Though leaders of both nations have shaken hands to mark a new beginning of diplomatic relations, Egyptian expats in Qatar are still struggling to reunite with their families.
The only thing Mohammed once feared is for his sickness to take his life away, but for the last couple of years, the 41-year-old Egyptian expat and father of two has found himself facing something much worse: the possibility of dying alone in his apartment, away from his wife and family.
In early 2017, Mohammed took the decision to pack his bags and head to Doha to start a new life for himself and his family.
One of his biggest regrets, the marketing manager told Doha News, is telling his wife to wait in Egypt for a couple of months until he settles before he brings her over.
“I just wanted her to not struggle with anything. I wanted to work for a bit, earn some money to buy furniture and know more about the country, and then bring my wife and my sons to stay with me,” he said.
“It was my biggest mistake.”
In June 2017, Mohammed, along with thousands of Egyptians, woke up to the sudden and devastating news that Cairo and three other nations had imposed an illegal air, land, and sea blockade on Qatar.
Direct flights between both nations were stopped, trade was suspended and thousands of Egyptians were laid off and forced to pack their bags back home.
The blockade sparked fear and worries among residents of all the blockading nations, so much so that they had to return back to their countries.
The fear, however, was not much from Qatar, but rather the instability such a decision would create in the employment and educational sector.
And they were right.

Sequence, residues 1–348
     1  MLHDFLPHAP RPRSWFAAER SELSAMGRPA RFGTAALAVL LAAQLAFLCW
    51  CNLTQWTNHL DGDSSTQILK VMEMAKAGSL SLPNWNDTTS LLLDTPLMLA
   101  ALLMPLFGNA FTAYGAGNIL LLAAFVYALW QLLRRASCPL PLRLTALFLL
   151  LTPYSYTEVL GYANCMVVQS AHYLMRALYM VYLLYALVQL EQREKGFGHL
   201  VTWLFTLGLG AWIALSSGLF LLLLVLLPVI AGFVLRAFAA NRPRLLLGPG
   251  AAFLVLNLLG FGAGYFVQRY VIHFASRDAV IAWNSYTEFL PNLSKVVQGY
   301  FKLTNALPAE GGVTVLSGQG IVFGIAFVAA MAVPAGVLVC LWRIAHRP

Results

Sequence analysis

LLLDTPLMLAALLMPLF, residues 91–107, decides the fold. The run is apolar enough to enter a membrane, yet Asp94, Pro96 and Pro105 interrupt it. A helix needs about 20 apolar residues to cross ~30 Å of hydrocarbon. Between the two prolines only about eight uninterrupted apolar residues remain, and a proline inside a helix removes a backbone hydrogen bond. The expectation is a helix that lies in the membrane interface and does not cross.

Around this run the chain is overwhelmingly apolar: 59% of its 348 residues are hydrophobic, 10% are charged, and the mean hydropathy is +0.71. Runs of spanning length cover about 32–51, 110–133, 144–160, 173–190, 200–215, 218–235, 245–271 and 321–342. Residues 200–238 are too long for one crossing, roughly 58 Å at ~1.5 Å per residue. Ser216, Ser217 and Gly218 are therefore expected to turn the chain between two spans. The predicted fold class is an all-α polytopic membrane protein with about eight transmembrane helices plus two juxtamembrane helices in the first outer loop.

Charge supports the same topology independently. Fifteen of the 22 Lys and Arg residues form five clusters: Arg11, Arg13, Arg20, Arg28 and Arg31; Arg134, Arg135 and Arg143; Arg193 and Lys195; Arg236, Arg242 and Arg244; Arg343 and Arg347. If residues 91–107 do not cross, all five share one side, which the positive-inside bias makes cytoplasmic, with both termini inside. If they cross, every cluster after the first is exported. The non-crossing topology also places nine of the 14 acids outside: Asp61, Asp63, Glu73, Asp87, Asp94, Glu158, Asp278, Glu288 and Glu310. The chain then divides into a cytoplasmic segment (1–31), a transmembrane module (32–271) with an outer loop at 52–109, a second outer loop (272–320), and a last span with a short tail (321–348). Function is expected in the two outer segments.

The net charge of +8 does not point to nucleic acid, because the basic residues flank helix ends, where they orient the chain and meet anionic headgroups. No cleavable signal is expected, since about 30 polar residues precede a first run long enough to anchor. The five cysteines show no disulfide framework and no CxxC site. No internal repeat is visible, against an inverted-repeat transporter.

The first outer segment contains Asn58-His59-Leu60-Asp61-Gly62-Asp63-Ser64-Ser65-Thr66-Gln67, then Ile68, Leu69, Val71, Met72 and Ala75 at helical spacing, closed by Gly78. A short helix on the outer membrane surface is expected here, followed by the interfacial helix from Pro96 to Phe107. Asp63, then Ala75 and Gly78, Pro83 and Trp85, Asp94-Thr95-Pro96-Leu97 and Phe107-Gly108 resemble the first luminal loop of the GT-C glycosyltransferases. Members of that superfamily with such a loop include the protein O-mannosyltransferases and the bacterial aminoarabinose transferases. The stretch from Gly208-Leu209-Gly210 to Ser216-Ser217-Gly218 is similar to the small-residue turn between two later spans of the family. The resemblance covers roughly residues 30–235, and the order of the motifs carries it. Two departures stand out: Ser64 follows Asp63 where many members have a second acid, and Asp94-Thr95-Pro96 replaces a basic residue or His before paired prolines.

The geopolitical tensions did more than just affect regional relations, but also scattered families for years with no escape. Those carrying the nationalities of the blockading nations were no longer able to apply for family residency, and new applications for work permits were not accepted.
This meant that the lives of hundreds of thousands of Egyptians were also on the line.
“The option of ‘Egypt’ was no longer on Metrash. When you go to any service office, for example, and you say you’re Egyptian, they immediately tell you to go home or state that the service is not open. Even getting family visas was so hard,” Mohammed recalls.
“I went months without seeing my family, and every time I’d say I want to go to Egypt, I was worried they would release a rule stating that I couldn’t come back. I felt like I was choosing between affording food for my family or being with them.”
Fast forward almost three years later, a small glimpse of light emerged at the end of the tunnel.
On February 2021, Qatar’s Amir Sheikh Tamim bin Hamad Al Thani travelled to Saudi Arabia for the first time in years to sign the Al-Ula declaration during the 41st GCC Summit, ending the three-year dispute that had divided the Gulf region.
The agreement promised to put an end to all the discriminatory policies between the nations, most of which were not officially announced, but were implemented throughout the blockade, including the suspension of visas and travel restrictions.
For hundreds of people, this promised a light at the end of the tunnel – and a reunion with their families again.
But for many, the light never did switch on.
As per Qatari law, expatriates who live in the country and earn more than 10,000 QAR (or 7,000 QAR with a family housing facility provided by the company) are allowed to bring immediate family members and dependents (spouse, sons, daughters) to Qatar, under their sponsorship through obtaining a Family Residence Visa.